Wharton | Mr. Rural Ed To International Business
GRE 329, GPA 3.6
McCombs School of Business | Mr. CRE
GMAT 625, GPA 3.4
IU Kelley | Mr. Jiu-Jitsu Account Admin
GMAT 500, GPA 3.23
Wharton | Mr. Sales From Law School
GMAT 700, GPA 11/20
Yale | Mr. Tambourine Man
GMAT 740, GPA 3.3
Berkeley Haas | Mr. LGBT+CPG
GMAT 720, GPA 3.95
Kellogg | Mr. Community Involvement
GMAT 600, GPA 3.2
Harvard | Mr. Air Force Seeking Feedback
GRE 329, GPA 3.2
Columbia | Mr. URM Artillery Officer
GRE 317, GPA 3.65
Kellogg | Mr. Engineer To PM
GMAT 710, GPA 4.0 (with Honors)
Harvard | Ms. Eternal Optimism
GMAT 720, GPA 4.0 (First Class Honours)
Harvard | Mr. Captain Mishra
GMAT 760, GPA 4.0
Stanford GSB | Ms. Lady Programmer
GRE 331, GPA 2.9
Ross | Mr. Double Eagle
GMAT 740, GPA 3.77
Stanford GSB | Ms. Eyebrows Say It All
GRE 299, GPA 8.2/10
Harvard | Mr. UHNW Family Office
GMAT 730, GPA 4.0
Harvard | Mr. Certain Government Guy
GMAT 720, GPA 3.3
Stanford GSB | Mr. Hopeful B School Investment Analyst
GRE 334, GPA 4.0
Berkeley Haas | Mr. Stuck Consultant
GMAT 760, GPA 3.6
MIT Sloan | Mr. Mechanical Engineer W/ CFA Level 2
GMAT 760, GPA 3.83/4.0 WES Conversion
Wharton | Mr. Asset Manager – Research Associate
GMAT 730, GPA 3.6
Chicago Booth | Mr. International Banker
GMAT 700, GPA 3.4
MIT Sloan | Mr. South East Asian Product Manager
GMAT 720, GPA 3.6
Harvard | Ms. Hollywood To Healthcare
GMAT 730, GPA 2.5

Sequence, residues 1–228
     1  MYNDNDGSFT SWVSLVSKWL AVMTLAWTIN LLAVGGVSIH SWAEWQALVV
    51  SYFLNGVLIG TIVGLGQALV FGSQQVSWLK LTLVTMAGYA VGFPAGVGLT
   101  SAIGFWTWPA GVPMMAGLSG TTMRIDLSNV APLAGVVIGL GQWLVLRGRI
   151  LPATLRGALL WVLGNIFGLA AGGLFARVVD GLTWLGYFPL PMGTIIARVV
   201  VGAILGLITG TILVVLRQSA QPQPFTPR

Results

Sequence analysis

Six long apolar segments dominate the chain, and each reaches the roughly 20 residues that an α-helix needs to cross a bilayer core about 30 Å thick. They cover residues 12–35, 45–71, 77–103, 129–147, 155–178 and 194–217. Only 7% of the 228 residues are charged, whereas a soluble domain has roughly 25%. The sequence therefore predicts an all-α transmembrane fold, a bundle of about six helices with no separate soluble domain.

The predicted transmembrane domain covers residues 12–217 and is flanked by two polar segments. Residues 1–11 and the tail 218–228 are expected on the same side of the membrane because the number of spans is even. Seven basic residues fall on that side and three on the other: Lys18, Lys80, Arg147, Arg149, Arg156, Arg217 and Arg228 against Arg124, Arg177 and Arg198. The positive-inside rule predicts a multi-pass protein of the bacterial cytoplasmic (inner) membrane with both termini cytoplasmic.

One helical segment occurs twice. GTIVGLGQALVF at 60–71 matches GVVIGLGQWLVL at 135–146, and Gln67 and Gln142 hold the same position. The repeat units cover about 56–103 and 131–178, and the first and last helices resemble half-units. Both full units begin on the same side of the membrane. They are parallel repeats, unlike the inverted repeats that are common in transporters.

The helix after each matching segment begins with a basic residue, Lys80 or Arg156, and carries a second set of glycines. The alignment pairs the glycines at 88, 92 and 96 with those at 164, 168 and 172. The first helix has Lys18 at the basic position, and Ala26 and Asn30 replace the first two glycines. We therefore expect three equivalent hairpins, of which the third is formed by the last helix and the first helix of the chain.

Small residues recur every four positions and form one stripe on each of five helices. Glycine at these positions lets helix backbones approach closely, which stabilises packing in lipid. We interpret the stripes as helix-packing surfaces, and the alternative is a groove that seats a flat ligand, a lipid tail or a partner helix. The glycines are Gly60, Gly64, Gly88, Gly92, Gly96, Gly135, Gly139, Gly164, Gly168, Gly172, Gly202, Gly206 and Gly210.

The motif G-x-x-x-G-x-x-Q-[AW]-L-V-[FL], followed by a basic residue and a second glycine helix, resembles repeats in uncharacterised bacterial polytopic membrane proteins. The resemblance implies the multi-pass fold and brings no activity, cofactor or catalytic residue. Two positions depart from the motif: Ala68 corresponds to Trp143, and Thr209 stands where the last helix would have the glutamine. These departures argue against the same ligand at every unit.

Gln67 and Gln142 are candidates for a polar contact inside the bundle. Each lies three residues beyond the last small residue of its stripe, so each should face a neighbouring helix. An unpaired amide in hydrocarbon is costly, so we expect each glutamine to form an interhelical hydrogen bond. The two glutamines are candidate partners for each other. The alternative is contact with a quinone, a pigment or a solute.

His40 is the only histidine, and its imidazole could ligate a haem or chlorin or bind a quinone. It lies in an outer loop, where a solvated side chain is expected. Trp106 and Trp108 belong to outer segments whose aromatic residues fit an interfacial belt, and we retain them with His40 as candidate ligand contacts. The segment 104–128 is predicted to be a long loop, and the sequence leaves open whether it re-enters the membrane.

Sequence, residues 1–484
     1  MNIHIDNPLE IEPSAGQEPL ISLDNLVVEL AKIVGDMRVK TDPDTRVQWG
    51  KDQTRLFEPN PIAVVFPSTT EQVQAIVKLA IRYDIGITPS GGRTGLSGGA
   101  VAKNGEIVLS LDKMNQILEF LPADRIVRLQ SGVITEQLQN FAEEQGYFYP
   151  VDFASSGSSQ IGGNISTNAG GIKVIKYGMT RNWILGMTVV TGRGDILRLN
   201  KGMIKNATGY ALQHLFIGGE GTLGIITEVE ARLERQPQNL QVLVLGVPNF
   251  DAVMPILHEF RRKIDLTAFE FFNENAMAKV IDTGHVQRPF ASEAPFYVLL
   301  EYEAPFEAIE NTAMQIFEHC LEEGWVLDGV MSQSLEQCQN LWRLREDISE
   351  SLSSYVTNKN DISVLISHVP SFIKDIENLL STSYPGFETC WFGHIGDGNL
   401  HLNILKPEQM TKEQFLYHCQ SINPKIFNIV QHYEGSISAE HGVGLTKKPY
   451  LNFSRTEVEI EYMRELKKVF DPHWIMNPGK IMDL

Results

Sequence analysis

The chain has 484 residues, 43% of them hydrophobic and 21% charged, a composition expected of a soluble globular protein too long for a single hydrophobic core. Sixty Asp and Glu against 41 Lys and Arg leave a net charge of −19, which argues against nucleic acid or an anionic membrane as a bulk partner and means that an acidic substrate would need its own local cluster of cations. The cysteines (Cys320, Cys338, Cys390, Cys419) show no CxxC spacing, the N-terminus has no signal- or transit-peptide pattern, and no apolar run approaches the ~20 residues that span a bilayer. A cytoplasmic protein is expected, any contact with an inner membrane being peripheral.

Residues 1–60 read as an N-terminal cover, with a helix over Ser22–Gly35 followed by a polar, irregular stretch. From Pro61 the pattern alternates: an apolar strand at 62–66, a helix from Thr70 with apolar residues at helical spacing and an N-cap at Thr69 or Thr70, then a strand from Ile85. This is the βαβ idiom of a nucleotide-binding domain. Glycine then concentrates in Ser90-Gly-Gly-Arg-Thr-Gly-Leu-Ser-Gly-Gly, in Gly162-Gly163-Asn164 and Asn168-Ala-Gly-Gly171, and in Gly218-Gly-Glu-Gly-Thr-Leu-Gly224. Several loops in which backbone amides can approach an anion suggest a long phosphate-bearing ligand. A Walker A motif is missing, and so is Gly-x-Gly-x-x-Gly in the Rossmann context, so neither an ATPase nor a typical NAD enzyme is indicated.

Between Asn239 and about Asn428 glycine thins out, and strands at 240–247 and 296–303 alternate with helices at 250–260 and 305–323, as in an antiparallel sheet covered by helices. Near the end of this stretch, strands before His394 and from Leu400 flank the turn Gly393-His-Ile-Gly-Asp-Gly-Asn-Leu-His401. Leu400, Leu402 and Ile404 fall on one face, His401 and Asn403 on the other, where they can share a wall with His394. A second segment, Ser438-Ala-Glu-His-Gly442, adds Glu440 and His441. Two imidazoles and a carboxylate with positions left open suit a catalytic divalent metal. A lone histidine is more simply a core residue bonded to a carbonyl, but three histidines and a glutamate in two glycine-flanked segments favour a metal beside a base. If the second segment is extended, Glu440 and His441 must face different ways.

Stanford GSB | Ms. Investor To Fintech
GMAT 750, GPA 3.8
Kellogg | Mr. Structural Engineer
GMAT 680, GPA 3.2
Darden | Mr. Anxious One
GRE 323, GPA 3.85

Why Do You Want an MBA Now?

Once you’ve answered the question, “Why do you want an MBA?” you’ll likely be faced with a follow-up question: “Why now?”

I assume that you already know why you want an MBA.  (If you don’t, see last week’s tip, “Three Essential Keys To The Goals Essay.”)

Consider the following when you respond to “Why now”:

  1. Do you have the work experience to apply now? Establish how many years and what kind of work experience your target program prefers. Then determine if the quality and quantity of your work experience is comparable. If your experience is not comparable, then you need to consider a different program or push off applying for another year (or more).
  2. Does your target program support your post-MBA goals? If your future goals are still muddled, then you may want to spend another year clarifying what you really want to do before quitting your current job and diving into an MBA program.
  3. Are you stagnating in your current position? If your career progression has plateaued, then now can be a good time to earn an MBA. If you’re still at the bottom of the learning curve, however, and you’re looking forward to growth, increased responsibilities, and promotions, then you may want to hold off.
  4. Do you need an MBA to make your next professional move?

If you answered “yes” to the questions above, and have good reasons for those “yeses,” then you have the material to respond persuasively to the “Why now?” questions both in your essays and interviews.

Your actual response will probably focus on #3 & #4, and be positive. Don’t complain about your job or belittle your work. Focus on your plans for the future. Show that given your past work experience, when you learned a lot, and your future goal, which requires the skills and benefits of an MBA from Top Choice Bschool, now is the time for you to exchange your professional briefcase for an MBA student’s backpack.

By Linda Abraham, CEO and founder of Accepted.com and co-author of the soon-to released book, MBA Admission for Smarties: The No-Nonsense Guide to Acceptance at Top Business Schools. Linda has been helping MBA applicants gain acceptance to top MBA programs since 1994.

Our Series On Perfecting Your MBA Essays: